Concerning all the lessons learned and results achieved, it is possible to trace a route to energy efficiency, not only as a short-term goal, but as process, an improvement cyclic process.
Such a process should have three distinctive phases:
• awareness and education;
• good housekeeping;
• upgrading and technological improvement.
There are two main objectives. First is to alert all involved personnel about the potential values of savings. A crucial first task is measurement. Without a good energy balance, it is impossible to know where, how and what is consumed. Such data reveal losses and where opportunities for better energy use lie. Audits and benchmarking with other similar players provide targets to be pursued. Sound economics is also needed; measuring wasted energy without taking the relative costs into consideration provides no return.
After you have raised their attention for the problem with data, the second objective is to show that there is a prize and it can be achieved. With the numbers in hand it is possible to prioritize actions and set some goals. Although they will demand work and money, they are attainable; something can be done to get that energy back. And results can be accessed by operations and investments.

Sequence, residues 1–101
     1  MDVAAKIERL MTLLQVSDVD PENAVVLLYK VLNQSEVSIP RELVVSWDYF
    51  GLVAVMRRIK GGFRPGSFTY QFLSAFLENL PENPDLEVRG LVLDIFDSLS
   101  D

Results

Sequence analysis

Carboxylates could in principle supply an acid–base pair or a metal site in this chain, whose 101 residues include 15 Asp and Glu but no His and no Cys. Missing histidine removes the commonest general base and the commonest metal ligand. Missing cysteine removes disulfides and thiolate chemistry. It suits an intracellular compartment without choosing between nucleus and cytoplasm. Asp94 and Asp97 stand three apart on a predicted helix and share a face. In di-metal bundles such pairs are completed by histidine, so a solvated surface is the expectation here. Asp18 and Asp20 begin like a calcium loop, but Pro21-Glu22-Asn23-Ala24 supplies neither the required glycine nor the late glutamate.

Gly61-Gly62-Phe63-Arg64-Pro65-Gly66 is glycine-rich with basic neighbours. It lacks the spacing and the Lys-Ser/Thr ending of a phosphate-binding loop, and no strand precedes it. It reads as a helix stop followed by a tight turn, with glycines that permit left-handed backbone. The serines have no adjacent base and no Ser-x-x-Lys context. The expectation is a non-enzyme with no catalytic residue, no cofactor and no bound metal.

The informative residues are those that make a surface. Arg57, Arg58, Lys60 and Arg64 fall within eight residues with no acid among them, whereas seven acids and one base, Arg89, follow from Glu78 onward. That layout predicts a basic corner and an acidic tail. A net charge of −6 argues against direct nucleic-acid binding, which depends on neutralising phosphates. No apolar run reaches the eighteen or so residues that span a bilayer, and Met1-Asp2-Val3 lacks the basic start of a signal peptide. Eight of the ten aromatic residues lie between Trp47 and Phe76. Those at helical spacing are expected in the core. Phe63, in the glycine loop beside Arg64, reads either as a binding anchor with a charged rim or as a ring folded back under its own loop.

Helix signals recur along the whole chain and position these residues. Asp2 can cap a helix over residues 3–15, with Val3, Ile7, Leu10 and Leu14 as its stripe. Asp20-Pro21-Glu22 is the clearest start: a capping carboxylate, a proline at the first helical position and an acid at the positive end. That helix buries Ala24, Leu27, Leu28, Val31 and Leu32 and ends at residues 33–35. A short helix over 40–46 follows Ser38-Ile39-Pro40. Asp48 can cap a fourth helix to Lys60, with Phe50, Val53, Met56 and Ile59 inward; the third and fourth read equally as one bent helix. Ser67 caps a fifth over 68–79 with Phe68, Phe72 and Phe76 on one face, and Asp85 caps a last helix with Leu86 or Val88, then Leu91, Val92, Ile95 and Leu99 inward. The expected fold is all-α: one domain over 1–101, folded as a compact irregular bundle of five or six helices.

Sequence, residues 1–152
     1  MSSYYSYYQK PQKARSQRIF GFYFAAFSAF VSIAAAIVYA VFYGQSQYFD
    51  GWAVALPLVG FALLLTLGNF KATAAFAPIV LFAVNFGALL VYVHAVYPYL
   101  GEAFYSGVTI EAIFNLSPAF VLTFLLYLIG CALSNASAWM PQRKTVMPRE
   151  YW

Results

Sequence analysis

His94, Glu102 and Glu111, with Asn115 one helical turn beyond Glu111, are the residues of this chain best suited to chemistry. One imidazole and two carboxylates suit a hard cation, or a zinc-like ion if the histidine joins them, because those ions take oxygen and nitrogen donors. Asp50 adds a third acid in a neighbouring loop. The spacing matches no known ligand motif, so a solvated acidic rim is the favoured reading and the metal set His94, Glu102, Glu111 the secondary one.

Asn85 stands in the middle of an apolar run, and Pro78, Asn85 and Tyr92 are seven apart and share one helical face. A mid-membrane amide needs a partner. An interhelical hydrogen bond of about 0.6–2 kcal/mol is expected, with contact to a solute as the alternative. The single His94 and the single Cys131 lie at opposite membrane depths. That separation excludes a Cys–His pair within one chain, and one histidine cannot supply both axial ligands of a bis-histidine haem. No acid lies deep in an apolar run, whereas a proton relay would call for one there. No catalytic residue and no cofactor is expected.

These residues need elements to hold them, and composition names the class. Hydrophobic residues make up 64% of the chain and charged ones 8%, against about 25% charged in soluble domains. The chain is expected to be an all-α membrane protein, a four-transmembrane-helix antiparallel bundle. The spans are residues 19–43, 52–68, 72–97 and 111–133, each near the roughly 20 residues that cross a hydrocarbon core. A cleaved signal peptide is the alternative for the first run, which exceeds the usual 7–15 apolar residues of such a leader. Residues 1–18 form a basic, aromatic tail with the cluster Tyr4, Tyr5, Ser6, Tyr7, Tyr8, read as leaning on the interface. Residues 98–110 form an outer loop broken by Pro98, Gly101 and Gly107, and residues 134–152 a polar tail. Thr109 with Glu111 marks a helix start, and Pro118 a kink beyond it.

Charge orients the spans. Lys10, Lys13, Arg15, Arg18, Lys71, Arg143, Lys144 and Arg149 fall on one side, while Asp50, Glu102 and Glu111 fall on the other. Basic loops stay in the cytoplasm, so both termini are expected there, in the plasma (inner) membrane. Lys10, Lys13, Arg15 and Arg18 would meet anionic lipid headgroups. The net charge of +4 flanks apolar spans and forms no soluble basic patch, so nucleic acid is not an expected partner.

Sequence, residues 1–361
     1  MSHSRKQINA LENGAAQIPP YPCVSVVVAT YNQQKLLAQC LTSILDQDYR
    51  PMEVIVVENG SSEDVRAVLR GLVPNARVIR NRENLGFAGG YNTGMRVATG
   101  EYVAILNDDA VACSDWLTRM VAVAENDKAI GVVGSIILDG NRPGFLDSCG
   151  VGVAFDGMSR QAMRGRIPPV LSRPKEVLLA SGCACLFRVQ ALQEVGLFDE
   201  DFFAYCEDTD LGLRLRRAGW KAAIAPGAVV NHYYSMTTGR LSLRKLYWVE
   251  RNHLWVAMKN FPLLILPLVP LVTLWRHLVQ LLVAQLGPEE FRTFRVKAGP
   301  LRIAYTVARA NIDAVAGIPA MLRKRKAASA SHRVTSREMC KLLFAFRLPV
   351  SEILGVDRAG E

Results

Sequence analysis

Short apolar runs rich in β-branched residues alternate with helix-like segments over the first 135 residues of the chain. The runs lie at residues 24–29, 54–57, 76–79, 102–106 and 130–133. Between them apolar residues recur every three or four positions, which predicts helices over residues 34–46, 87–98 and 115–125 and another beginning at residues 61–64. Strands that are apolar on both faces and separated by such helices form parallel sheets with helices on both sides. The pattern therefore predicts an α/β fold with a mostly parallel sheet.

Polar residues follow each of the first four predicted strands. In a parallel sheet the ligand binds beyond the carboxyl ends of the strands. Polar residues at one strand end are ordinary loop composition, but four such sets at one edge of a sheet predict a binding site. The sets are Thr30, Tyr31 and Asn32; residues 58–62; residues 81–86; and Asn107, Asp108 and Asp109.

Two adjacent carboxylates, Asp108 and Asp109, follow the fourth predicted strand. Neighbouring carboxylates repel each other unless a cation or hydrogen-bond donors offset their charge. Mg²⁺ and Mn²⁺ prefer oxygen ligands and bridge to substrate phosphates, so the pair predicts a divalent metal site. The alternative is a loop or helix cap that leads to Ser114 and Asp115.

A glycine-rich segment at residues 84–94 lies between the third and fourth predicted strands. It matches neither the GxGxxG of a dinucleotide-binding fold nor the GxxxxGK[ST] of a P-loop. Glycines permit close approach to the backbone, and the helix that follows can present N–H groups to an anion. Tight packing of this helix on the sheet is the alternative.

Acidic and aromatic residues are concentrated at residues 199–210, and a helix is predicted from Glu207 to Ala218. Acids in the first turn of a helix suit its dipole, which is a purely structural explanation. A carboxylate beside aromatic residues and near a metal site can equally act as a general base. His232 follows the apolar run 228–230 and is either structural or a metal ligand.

Day-to -day work or good housekeeping means making the most of existing assets. This, in turn, means running and maintaining facilities at maximum efficiency, as well as learning, developing and using best practices. Developing these practices or procedures is a trial cycle. It involves learning about what is the primary energy consumption situation, investigating where the losses and opportunities for better use are and setting some goals for improvement. It is necessary to study, design and experiment new ways of performing the same operations, to try to avoid these losses. If losses can be avoided, you have begun improving the process energy productivity. In case it is a failure or results are below the expected, it is time to go back to the drawing board, and another trial cycle.
All this cycle gives feedback on education, the list of ' non achievements ' and 'wrong doings' that is very valuable. After some time, running this repetition, a maximum possible efficiency should be reached and another lesson is learned, the limits of the actual system. In this point it is necessary to find out if that result is enough. If it is not enough, the industry in general, competition or recent technical developments announce that it can be done better; the time has come to consider investment.
But to begin to run this proceeding, a foundation stone must be established. This is the energy balance.
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